For borrowers, meanwhile, there's no guarantee they'll find the money they need. Generally, the basic principle of lending applies here as well: The lower your credit score, the lower your chance of getting financed. (Both Prosper.com and LendingClub.com employ letter grades to assess borrowers' credit worthiness, based mainly on credit scores.) According to WiseClerk.com, of the 14,534 Prosper.com loan listings for borrowers with a "C" rating that's for borrowers with credit scores between 640 and 679 only 2,668, or 18%, have been funded. Of the 4,608 "AA"-borrower listings, meanwhile "AA" are borrowers with scores of 760 or higher 1,557, or 33%, have been funded.
To make sure her $9,000 loan request got noticed, Newberry shared as much personal information as she felt necessary about why she needed the money and how she would repay them. She even included photos of her with her children and listed the grades for the college classes she attends. She patiently and truthfully answered all questions from potential lenders. "You can't be rude or defensive," she says. "You have to put all your business out there, be honest, and it'll pay off."
Tips for navigating peer-to-peer lending sites
1. Be honest.
Don't withhold the details when composing your listing. Be specific about why you need the money and how you'll pay the loan back. Break down your current debts and other monthly expenses and income, says Nelson, the lender on Prosper.com. And don't worry: Sensitive information, such as your Social Security number and full name, isn't published.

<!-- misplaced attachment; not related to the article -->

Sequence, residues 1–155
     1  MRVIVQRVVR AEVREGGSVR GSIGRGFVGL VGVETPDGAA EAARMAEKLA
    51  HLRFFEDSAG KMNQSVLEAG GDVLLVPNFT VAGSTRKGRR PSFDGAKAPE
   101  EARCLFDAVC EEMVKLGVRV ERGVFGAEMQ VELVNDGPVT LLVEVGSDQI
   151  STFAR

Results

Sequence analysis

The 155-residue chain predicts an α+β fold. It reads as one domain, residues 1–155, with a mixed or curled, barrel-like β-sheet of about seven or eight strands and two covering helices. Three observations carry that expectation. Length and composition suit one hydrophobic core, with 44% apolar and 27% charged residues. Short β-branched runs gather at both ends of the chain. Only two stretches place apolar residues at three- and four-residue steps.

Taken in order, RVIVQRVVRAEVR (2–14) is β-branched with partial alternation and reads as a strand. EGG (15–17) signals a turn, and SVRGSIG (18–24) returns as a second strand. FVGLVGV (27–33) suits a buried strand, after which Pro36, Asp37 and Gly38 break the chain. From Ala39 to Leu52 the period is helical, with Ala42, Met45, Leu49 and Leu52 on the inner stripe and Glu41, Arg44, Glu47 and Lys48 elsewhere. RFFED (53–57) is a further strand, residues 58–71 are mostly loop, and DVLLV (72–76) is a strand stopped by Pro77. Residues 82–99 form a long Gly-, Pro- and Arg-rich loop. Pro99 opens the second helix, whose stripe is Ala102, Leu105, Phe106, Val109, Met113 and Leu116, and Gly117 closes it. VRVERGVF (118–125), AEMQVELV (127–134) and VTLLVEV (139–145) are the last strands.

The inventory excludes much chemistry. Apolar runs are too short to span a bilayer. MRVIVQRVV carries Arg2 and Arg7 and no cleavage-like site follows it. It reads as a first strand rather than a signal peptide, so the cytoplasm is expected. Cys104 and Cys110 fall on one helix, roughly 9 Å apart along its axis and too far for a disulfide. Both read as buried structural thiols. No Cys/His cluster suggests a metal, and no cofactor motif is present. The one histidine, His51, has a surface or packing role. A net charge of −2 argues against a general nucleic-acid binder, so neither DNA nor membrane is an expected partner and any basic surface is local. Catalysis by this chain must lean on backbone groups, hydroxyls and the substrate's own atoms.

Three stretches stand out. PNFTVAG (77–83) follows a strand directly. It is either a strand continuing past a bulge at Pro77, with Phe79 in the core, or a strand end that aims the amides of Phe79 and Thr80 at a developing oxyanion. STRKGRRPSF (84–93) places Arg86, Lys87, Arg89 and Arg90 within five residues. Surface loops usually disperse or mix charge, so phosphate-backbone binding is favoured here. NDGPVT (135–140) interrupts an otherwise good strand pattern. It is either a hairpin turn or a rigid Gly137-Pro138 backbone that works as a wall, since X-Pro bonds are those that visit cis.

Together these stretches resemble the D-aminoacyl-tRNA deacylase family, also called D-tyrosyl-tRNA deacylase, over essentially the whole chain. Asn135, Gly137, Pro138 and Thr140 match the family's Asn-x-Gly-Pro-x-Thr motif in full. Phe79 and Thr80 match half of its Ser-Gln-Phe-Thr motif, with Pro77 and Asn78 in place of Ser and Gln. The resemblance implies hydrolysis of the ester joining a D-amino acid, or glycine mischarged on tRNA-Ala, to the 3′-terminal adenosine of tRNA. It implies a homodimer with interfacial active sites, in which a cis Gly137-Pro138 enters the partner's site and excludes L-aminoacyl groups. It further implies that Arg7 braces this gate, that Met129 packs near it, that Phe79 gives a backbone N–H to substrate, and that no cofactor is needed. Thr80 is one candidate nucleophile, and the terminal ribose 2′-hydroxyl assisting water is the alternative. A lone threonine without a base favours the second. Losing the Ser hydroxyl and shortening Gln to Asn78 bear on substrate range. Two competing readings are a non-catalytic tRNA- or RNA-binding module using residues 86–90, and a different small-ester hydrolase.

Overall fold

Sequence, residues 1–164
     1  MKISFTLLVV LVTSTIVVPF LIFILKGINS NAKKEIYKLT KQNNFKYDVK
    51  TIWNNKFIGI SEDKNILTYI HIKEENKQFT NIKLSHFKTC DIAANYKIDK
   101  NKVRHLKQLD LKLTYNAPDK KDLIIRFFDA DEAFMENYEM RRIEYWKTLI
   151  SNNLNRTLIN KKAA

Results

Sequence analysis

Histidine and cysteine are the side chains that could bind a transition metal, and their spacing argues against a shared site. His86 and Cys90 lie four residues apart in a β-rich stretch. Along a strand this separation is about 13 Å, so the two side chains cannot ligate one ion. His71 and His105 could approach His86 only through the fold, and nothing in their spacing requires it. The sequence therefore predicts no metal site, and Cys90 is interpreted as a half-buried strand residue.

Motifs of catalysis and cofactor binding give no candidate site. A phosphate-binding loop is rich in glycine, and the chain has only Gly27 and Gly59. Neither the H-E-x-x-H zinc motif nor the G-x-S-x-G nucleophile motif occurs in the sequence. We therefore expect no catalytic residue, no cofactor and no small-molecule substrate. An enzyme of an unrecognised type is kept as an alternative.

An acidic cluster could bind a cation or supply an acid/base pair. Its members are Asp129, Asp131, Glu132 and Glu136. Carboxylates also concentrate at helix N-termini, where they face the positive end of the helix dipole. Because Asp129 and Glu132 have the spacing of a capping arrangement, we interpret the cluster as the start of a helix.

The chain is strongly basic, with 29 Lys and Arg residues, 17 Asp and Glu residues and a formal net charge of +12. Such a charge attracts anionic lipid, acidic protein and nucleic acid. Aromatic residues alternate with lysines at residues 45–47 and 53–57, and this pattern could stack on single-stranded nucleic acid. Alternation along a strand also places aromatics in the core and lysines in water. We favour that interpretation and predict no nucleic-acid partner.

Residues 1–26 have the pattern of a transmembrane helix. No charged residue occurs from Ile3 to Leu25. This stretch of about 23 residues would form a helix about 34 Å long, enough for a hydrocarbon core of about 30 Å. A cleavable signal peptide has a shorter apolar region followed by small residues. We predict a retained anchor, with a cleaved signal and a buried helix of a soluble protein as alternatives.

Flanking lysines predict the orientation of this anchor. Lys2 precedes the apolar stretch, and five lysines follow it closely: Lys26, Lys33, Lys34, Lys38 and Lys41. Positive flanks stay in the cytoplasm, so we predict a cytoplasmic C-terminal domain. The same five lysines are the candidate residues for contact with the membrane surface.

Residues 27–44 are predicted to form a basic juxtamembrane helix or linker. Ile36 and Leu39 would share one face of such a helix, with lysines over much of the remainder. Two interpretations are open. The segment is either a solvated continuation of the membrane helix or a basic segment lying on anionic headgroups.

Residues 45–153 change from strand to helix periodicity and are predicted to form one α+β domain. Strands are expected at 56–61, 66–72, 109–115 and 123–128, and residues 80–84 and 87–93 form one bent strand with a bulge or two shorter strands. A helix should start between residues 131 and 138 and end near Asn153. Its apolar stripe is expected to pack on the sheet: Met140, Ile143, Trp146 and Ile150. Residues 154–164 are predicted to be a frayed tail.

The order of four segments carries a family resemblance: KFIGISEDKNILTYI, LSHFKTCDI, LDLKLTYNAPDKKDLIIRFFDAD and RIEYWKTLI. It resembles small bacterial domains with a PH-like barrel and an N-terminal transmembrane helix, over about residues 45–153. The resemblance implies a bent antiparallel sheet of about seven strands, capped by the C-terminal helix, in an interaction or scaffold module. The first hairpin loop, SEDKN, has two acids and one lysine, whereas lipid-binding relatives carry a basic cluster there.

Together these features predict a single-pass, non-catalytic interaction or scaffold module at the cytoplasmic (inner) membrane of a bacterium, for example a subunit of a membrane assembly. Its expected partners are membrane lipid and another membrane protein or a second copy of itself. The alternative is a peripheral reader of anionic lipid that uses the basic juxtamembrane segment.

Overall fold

2. Pay back responsibly. Peer-to-peer lending services hire collection agencies if you fall behind on a payment. Prosper.com does so as soon as you are more than 30 days late. More importantly, they report to the credit bureaus. "This is not a free lunch," says Greg McBride, senior financial analyst at Bankrate.com. "It's something you have to treat very seriously."
3. Factor in fees. These services aren't free. At Prosper.com, you'll pay between 1% and 2% and at LendingClub.com, 0.75% to 2% of the loan balance, depending on your credit grade. (No fees are due if your loan doesn't get funded.) Virgin Money charges a one-time fee between $249 and $2,299, depending on the extent of services received.
1. Think like an investor.Prosper's credit grades are
2. Factor in fees. Prosper.com lenders pay a 0.5% to 1% annual servicing fee, based on the balance of the loan outstanding. LendingClub.com charges 1% of all payments received each month. Should a loan go to collections, you will also be responsible for the collection agency's fees.
3. Don't lend money you'll need. The loans are generally paid over three years, so make sure you don't lend any money you'll need soon. Think of it as a CD, but one where your investment isn't guaranteed.